2. ‘Feminine’ leadership traits are attracting attention.
The second trend is one that’s just beginning to emerge: an increased desire to bring so-called “feminine” qualities into leadership and business. Since the birth of the Industrial Revolution in the 1800s, business and leadership have been heavily focused on the masculine. I’m not talking about male or female here; I’m talking about masculine and feminine traits that we all have available to us.
Traits often categorized as masculine include things like logic, competition, focus, independence, integrity, stability, assertiveness, discipline, freedom, goal-oriented, and strength (specifically, power over someone or something). Feminine traits are qualities like collaboration, creativity, compassion, intuition, empathy, receptivity, flow, nurturing, patience, radiance, and affection. As more and more companies become interested in doing business in a more conscious way, they’re realizing that a company can’t maximize its potential if it’s out of balance.
Lynne Twist shared a story at the 2017 Conscious Leader’s Forum about “the bird of humanity.” It’s an indigenous story, and it says that the bird of humanity has been flying with only one wing. As a result, it’s flying in circles, never getting anywhere. The wing it’s flying with is the masculine wing, which has become overdeveloped and aggressive. The story prophesies a time, which many say is now, when the bird of humanity will unfurl its second wing (the feminine) and fly straight again. Like the bird of humanity, capitalism is out of balance, and it will have to include feminine qualities in order to right itself.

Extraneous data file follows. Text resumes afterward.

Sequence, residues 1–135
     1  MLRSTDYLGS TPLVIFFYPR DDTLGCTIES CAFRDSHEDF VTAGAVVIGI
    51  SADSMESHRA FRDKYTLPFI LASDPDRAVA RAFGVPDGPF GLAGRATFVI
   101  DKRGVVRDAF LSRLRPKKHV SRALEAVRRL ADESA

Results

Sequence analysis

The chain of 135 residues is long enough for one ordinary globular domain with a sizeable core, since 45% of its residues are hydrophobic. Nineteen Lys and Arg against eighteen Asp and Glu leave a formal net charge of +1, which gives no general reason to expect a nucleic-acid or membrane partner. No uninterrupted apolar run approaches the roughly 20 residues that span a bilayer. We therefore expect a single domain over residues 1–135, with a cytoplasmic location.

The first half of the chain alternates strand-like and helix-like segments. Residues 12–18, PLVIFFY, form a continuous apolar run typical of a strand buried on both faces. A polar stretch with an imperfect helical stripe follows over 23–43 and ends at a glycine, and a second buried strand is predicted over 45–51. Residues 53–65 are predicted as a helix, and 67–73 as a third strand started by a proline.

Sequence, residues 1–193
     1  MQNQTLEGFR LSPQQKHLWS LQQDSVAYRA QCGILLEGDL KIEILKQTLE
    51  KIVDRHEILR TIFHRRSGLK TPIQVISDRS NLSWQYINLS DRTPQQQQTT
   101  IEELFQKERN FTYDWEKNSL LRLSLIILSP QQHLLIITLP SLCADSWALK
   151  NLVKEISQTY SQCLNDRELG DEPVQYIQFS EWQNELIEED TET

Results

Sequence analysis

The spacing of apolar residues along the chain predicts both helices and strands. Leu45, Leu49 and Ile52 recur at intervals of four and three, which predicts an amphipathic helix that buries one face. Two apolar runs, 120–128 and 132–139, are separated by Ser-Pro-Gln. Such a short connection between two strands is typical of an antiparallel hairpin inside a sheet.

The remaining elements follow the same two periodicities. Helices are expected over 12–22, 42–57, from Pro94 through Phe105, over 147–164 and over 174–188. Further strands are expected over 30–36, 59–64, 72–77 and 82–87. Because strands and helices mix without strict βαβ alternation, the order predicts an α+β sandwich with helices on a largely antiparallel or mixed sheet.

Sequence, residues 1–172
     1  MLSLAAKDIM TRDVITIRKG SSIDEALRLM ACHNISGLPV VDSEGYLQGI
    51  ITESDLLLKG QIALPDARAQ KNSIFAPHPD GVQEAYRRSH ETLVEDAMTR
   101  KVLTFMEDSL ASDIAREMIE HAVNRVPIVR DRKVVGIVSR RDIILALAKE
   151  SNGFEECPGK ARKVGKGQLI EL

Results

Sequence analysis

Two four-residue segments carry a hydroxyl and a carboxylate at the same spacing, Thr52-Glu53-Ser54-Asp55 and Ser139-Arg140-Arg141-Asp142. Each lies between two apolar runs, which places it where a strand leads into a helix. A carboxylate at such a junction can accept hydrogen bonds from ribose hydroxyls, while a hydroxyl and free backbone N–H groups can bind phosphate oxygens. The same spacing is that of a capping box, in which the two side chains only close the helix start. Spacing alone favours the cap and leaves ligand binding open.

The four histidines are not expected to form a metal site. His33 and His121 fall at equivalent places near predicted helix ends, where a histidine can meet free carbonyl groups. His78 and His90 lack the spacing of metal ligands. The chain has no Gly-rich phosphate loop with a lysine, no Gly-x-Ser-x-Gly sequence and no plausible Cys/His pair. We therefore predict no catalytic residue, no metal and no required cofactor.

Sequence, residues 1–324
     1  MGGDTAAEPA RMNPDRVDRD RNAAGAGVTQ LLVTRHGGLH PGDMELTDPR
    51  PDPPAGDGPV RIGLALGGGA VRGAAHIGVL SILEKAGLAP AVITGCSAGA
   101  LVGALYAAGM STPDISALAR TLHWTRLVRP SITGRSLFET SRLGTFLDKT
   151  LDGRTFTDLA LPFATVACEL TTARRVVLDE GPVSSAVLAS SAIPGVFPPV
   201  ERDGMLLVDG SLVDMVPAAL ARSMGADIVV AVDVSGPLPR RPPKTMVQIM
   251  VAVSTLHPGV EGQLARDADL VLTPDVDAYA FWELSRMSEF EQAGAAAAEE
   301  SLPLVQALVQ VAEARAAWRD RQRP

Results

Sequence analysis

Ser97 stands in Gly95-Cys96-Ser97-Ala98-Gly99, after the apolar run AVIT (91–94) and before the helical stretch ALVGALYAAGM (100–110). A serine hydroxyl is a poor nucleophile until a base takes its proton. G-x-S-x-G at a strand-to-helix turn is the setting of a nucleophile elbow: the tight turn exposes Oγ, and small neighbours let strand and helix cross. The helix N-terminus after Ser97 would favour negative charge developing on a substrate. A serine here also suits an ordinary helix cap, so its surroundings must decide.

3. Organizations are flattening.
Companies like Morning Star and Patagonia are now using a Teal model, with less hierarchy and more self-management and autonomy throughout the organization. And they’re seeing bottom-line results that are far better than their more hierarchical competitors.